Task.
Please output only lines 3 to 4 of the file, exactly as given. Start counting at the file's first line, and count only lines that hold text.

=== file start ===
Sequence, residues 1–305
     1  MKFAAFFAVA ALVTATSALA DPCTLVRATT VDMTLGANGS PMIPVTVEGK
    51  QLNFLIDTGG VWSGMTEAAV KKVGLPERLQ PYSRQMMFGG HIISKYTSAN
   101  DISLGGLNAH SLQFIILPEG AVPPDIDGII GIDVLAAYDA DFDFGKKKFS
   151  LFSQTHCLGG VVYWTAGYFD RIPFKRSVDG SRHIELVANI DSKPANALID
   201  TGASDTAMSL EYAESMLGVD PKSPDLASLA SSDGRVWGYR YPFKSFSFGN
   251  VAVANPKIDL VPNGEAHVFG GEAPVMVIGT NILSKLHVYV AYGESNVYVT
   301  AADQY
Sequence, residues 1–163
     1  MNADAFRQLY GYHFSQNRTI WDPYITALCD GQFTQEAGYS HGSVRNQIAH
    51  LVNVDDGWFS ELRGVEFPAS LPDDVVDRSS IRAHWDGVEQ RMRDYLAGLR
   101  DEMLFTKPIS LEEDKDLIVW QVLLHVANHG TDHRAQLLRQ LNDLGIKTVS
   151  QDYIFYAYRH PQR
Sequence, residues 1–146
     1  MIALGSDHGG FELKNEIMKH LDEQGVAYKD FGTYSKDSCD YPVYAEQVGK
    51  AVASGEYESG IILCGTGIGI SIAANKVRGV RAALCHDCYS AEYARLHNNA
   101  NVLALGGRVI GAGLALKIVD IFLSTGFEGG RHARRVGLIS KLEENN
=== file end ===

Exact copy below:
    51  QLNFLIDTGG VWSGMTEAAV KKVGLPERLQ PYSRQMMFGG HIISKYTSAN
   101  DISLGGLNAH SLQFIILPEG AVPPDIDGII GIDVLAAYDA DFDFGKKKFS